Set against the backdrop of the British Government’s Future Reserves 2020 (FR2020) programme, this article addresses military reservists’ experiences of how they are perceived by civilian colleagues in the workplace. Drawing on qualitative interviews with reservists, it analyses their understandings of civilian co-workers’ qualified and sometimes reluctant acceptance in light of FR2020’s implicit aim to use reservists to help realign civil–military relationships. While it appears that civilian work colleagues’ social distancing of reservists helps consolidate the wider public’s perceived lack of understanding of the British armed forces, a more critical view sees reservists’ largely unchallenged presence in the workplace as an exemplary, yet subtle instance of militarization. This is because reservists’ simultaneous (physical) inclusion and (social) distancing or stigmatization constitutes, and is constitutive of, their need to pass as civilian. In conclusion, we argue that a key implication of their passing as civilian is to neutralize debate of the legitimacy–or otherwise–of the armed forces as an institution tasked with violence on behalf of the state.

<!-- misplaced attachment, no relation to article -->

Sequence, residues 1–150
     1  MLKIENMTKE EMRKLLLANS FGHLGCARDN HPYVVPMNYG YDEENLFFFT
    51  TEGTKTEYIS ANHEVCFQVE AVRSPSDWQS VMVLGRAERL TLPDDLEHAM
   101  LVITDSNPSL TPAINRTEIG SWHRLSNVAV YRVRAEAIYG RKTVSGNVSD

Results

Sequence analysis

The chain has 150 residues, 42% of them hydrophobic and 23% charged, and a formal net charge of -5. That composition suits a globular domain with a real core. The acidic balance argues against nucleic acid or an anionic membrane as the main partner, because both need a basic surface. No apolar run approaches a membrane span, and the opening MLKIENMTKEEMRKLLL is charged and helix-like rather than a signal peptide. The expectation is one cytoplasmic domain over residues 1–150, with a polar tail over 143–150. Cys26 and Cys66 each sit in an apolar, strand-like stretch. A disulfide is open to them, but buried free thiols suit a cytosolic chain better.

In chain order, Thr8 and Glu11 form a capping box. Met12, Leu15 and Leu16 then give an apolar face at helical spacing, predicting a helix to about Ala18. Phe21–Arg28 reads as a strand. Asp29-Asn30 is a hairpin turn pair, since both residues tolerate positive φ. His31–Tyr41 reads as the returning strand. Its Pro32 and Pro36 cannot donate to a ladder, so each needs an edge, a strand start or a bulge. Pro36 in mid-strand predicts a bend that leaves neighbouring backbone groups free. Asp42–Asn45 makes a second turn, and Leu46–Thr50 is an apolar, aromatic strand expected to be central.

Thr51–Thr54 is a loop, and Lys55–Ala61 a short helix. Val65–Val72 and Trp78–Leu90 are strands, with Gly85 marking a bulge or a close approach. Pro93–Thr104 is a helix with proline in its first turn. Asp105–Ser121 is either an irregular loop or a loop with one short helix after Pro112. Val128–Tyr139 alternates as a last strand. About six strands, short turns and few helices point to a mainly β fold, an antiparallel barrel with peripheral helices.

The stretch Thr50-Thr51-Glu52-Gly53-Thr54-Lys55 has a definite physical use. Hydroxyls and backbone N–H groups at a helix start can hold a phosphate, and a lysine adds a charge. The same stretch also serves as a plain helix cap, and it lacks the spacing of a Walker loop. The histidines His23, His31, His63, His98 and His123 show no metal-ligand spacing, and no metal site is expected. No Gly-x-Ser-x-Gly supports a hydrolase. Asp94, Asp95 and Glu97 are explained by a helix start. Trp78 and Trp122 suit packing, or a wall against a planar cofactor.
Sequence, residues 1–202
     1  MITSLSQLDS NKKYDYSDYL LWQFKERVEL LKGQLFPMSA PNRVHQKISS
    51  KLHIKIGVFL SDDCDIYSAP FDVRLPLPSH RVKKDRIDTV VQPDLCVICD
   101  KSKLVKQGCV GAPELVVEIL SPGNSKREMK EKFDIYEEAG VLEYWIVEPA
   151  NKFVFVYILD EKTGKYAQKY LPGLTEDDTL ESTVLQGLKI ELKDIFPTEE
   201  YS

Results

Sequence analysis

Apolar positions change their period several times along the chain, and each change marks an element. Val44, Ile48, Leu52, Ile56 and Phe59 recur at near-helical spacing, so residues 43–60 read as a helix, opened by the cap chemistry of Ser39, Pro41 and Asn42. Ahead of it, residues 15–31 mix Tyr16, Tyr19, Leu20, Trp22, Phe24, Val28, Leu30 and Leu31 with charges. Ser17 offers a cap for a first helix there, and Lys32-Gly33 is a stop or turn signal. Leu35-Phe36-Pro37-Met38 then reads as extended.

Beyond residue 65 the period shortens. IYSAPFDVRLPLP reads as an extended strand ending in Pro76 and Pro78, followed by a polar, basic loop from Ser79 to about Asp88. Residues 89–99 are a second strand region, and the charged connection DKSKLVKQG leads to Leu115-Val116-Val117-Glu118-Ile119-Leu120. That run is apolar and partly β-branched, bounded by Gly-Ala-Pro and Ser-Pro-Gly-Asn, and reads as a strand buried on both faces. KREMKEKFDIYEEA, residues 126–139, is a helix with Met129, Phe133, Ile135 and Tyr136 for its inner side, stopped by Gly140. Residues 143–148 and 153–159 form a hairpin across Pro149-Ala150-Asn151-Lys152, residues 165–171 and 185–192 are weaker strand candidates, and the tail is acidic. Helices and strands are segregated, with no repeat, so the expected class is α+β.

- civilian perception
- Military reservists
- School of Sociology, Politics and International Studies - Professor of International Security
- Cabot Institute for the Environment
- Global Insecurities
Person: Academic , Member, Group lead